Rather than opting for further education, I went straight into the workplace after leaving school. I felt the workplace would be the best approach, considering how my mind had coped in the classroom environment, but I never considered how the very same issues (which made school seem so tiresome) might affect my working life too.
The first job I had was working for an administrational training company, who provided training towards an NVQ qualification and arranged a placement to enable working experience, and I was on a salary of a whopping £40 a week!
I was paid equally as much for the milk round I was doing in my school days, but at least in an office I’d be less likely to drink the protein fuelled white stuff. (No wonder I felt the way I did in the classroom).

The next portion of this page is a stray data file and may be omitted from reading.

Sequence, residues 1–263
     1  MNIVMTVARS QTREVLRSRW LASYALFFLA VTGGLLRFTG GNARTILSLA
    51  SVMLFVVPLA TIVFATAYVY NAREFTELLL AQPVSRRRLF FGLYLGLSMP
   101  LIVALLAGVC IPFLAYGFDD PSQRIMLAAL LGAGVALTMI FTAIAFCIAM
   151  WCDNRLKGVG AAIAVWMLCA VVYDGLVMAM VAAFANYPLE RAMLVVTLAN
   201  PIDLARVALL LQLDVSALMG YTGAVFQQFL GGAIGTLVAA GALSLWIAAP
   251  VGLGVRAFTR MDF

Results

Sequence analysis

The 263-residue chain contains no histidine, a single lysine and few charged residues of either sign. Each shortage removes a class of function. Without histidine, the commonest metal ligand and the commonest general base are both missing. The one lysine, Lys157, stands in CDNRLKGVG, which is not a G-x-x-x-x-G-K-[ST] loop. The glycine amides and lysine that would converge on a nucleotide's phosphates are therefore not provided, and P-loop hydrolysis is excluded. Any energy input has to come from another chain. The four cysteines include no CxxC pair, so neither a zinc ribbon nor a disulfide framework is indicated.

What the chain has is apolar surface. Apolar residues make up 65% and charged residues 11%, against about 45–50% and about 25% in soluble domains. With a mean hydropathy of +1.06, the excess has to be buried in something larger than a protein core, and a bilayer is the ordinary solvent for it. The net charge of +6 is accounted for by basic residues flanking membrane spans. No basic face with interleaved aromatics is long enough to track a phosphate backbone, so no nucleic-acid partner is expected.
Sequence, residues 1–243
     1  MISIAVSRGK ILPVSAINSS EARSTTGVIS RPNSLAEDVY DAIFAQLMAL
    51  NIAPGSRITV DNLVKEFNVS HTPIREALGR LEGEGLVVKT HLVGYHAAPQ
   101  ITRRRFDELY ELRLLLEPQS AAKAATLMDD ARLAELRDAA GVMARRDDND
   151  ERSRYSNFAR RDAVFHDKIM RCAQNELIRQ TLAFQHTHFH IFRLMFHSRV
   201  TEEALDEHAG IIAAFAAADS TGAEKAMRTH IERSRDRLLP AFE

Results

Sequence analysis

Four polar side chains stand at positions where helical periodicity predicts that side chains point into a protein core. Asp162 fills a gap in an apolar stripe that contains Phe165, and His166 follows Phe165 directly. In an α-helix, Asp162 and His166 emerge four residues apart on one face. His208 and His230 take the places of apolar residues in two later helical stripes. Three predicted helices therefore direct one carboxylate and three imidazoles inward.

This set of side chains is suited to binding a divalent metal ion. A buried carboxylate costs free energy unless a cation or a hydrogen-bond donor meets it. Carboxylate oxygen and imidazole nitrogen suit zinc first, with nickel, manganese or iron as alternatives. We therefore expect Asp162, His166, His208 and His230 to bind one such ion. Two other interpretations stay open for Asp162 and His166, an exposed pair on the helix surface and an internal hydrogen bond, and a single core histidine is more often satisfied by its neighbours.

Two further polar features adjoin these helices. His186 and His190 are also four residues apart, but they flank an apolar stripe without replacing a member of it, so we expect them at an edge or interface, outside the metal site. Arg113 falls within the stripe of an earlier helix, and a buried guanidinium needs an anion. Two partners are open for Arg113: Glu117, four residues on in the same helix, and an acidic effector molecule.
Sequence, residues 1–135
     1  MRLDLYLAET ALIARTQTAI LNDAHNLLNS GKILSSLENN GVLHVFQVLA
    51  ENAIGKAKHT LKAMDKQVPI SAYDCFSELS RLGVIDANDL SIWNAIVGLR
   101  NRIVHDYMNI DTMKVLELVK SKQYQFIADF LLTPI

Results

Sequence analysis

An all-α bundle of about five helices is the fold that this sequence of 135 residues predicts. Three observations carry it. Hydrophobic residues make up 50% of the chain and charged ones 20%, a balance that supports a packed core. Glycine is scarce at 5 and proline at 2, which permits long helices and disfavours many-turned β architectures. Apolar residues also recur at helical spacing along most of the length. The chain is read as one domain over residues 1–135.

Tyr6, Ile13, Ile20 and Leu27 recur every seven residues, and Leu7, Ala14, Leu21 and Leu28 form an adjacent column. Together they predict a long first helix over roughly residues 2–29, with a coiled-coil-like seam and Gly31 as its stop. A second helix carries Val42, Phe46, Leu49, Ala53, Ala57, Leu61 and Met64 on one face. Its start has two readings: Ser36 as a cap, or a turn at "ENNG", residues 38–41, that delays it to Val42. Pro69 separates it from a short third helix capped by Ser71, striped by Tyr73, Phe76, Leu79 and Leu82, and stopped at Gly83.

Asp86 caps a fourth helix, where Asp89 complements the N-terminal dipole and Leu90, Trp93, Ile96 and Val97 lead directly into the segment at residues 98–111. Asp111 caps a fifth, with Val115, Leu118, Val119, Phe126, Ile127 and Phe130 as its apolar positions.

My eating habits hadn’t improved at all, though.
In fact, in the early stages of secondary school, the doctor who was dealing with my PKU had removed me from their list of patients – meaning I was no longer being treated at all.
No formula. No PKU foods. No blood tests.
The doctor could see no reason for me to remain on the diet, at all (because I was heavily cheating).
My parents were determined for the doctor to understand the rebellious nature of teenagers, but any meetings to allow the doctor to understand (and to highlight my parents’ efforts at home), were unsuccessful and I continued to go wild with protein – but now without formula.